ADF&G proposes to continue collecting weekly otolith, tissue, and scale samples of sockeye from the Southeast Alaska commercial harvest in the District 101 gillnet and District 104 purse seine fisheries, among other districts and fisheries for projects that complement this program. Stock identification analysis using age composition, thermal mark presence, and new, more stock-discrete DNA techniques will be conducted at NOAA’s Auke Bay Laboratory. This project also complements the continuing work by DFO in Areas 3, 4 and 5.

N18-I06 Northern & Transboundary Sockeye Salmon Matched Scale-Tissue Sampling Report

N17-I07 Northern & Transboundary Sockeye Salmon Matched Scale-Tissue Sampling Report

N16-I05 Northern & Transboundary Sockeye Matched Scale-Tissue Sampling. Year 9

N15-I08 Northern and Transboundary Sockeye Matched Scale-Tissue Sampling. Year 8

N14-I07 Northern and Transboundary Sockeye Matched Scale-Tissue Sampling. Year 7

N13-I07 Northern and Transboundary Sockeye Matched Scale-Tissue Sampling. Year 6

N12-I05 Northern and Transboundary Sockeye Matched Scale-Tissue Sampling. Year 5

N11-I13 Northern and Transboundary Sockeye Matched Scale-Tissue Sampling. Year 4

N10-I10 Northern and Transboundary Sockeye Matched Scale-Tissue Sampling. Year 3

N08-I12 Northern and Transboundary Sockeye Matched Scale-Tissue Sampling. Year 2

N07-I25 Northern and Transboundary Sockeye Salmon Matched Scale-Tissue Sampling

 

Mixed Stock Analysis of U.S. Districts 101, 102, and 103 Sockeye Seine Fisheries

Annual stock-specific run reconstructions (catch plus escapements) are required to accurately estimate relative contribution of each stock caught in Northern Boundary Area fisheries. Estimates of national origin of contributing stocks provides the most reliable information currently available to complete these run reconstructions, and are used to evaluate stock-specific productivity and revise pre-season forecasts. While the catch of Nass and Skeena sockeye salmon is only subject to treaty harvest-sharing annexes in the Alaska District 101 gillnet and Alaska District 104 purse seine fisheries, the harvest of these stocks in all fisheries, and their escapements, needs to be estimated in order to calculate the total run and the percentage caught in the annexed fisheries.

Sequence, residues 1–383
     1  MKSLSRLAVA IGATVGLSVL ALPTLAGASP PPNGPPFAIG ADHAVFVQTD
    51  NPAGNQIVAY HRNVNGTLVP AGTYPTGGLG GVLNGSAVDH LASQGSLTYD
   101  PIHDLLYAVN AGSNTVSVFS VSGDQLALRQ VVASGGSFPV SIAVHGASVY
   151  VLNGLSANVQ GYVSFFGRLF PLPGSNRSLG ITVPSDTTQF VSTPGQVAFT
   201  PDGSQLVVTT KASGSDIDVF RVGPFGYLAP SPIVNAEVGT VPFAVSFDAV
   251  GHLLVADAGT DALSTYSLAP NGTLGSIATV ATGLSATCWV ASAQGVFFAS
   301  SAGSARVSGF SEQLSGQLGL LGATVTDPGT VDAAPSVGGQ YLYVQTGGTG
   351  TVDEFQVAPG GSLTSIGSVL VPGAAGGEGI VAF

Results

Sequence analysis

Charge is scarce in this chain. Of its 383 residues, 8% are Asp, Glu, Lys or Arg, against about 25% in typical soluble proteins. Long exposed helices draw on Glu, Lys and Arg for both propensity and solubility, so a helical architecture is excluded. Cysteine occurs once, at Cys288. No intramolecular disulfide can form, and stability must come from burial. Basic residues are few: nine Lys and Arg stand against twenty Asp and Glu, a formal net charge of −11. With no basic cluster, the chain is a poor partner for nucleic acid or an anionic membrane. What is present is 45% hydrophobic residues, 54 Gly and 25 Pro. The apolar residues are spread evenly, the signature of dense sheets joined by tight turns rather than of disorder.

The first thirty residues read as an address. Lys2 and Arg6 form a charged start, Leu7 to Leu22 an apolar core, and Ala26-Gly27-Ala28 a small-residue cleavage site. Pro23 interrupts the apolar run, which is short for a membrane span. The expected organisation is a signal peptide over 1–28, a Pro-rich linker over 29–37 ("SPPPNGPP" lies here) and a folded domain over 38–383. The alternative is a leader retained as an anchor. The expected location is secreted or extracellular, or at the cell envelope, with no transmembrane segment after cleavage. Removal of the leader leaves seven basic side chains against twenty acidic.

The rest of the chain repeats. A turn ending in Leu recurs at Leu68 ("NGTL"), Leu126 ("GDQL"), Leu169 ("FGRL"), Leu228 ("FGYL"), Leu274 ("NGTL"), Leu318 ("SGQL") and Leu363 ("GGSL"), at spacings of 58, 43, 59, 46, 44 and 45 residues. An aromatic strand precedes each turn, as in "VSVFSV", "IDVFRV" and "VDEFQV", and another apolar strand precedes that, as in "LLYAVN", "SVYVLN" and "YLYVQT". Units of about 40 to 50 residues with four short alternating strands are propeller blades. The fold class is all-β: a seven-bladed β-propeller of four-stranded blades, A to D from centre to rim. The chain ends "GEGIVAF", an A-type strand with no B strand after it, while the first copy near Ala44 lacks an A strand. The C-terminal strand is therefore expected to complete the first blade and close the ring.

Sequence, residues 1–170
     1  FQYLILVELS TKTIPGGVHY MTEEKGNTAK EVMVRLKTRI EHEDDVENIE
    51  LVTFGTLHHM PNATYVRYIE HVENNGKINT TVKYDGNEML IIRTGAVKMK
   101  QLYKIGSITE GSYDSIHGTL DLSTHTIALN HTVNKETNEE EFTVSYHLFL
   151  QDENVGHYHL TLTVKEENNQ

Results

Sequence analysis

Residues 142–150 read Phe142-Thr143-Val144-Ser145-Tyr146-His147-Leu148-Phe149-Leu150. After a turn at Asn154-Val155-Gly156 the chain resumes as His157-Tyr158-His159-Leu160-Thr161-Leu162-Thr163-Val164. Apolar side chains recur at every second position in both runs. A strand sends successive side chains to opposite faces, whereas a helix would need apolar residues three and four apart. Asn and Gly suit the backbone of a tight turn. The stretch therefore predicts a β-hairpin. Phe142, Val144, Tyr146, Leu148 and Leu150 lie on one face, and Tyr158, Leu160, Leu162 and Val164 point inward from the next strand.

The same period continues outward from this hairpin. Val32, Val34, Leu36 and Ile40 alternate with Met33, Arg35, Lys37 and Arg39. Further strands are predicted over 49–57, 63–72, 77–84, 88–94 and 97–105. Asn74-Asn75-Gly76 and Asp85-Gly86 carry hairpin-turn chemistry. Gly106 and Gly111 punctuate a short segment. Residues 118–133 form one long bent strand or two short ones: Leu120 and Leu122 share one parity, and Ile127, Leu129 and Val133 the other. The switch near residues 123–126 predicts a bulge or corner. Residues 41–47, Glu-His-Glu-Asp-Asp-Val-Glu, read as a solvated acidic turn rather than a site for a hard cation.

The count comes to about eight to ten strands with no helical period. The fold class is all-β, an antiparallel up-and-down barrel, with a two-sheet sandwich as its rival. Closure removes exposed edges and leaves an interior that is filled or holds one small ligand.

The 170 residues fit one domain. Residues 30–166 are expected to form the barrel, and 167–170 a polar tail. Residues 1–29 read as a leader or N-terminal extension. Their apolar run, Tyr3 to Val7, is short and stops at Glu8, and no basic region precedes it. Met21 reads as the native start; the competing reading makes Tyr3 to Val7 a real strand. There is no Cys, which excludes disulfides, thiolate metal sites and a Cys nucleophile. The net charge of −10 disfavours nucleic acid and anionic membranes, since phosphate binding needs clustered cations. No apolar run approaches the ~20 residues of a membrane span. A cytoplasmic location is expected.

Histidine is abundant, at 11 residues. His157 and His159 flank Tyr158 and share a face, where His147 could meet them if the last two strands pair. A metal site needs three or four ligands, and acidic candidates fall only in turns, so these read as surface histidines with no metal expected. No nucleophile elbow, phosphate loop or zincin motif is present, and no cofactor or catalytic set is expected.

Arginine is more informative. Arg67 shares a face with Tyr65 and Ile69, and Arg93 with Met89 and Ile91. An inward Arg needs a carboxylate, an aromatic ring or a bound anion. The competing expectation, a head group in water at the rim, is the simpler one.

This project will complete genetic stock identification (GSI) analysis on sockeye salmon tissue samples collected from the 2016 commercial purse seine fisheries in Districts 101, 102, and 103 in Southeast Alaska. This project is a complement to the ongoing project at the Auke Bay Laboratory for Northern Boundary Area sockeye salmon GSI in Districts 101 and 104, and continuing work by DFO in Areas 3, 4, and 5; and will allow for complete assessment of the catches of Nass and Skeena sockeye salmon in all major Northern Boundary Area fisheries for run reconstructions. Estimates will be provided for up to 3 time strata in District 101, up to 3 time strata in District 102, and over the entire season in District 103, for a total of 1,500 samples analyzed.

N16-I18 Mixed stock analysis of U.S. Districts 101, 102 and 103 sockeye salmon seine fisheries 2016

N15-I28 Mixed Stock Analysis of U.S. Districts 101, 102, and 103 Sockeye Seine Fisheries, 2015

Babine Lake Sockeye Smolt Enumeration – Mark-Recapture

The Lake Babine Nation Fisheries Department (LBNF), in collaboration with the DFO, propose to build on success in the 2013 – 2019 smolt project by continuing to operate the Babine smolt enumeration facilities to provide sockeye smolt emigration estimates and smolt fitness data for the Babine Lake Watershed. Smolt production and fitness are effective indicators of Babine Lake ecosystem health which can be used to initiate and direct resource management initiatives intended to protect the Babine Lake watershed. Continued smolt trap operation would extend the data series analyzed by the DFO from 1959 to 2002, jointly by the LBN and SFC from 2013 to 2015 and independently by LBNF from 2016 to 2019. We believe that continuous data from the Babine smolt enumeration fence would provide important information on Babine sockeye population status that will contribute critical information to the understanding the large inter-annual variations in returns observed in the past two decades. An uninterrupted set of sockeye smolt population data over multiple years will help address one of the most fundamental questions of salmon stocks management — under which conditions are freshwater or marine environments the primary driver determining salmon returns?  We propose to continue the Babine sockeye smolt enumeration program in 2020 to continue monitoring smolt production, which is necessary to determine the effects of annual variation in climactic conditions, habitat conditions and prey availability.

N19-I42 Babine Lake Watershed Sockeye Smolt Enumeration Project – Mark-Recapture 2019 Report

N18-I33 Babine Lake Watershed Sockeye Smolt Enumeration Project – Mark-Recapture Report 2018

N17-I31 Babine Lake Watershed Sockeye Smolt Enumeration Project – Mark-Recapture

N16-I10 Babine Lake Watershed Sockeye Smolt Enumeration Project – Mark-Recapture 2016

N15-I17 2015 Babine Lake Sockeye Smolt Enumeration – Mark-Recapture. Year 3 of 4

N14-I15 Babine Lake Sockeye Smolt Enumeration – Mark-Recapture. Year 2 of 4

N13-I22 Babine Lake Sockeye Smolt Enumeration - Mark-Recapture Year 1 of 4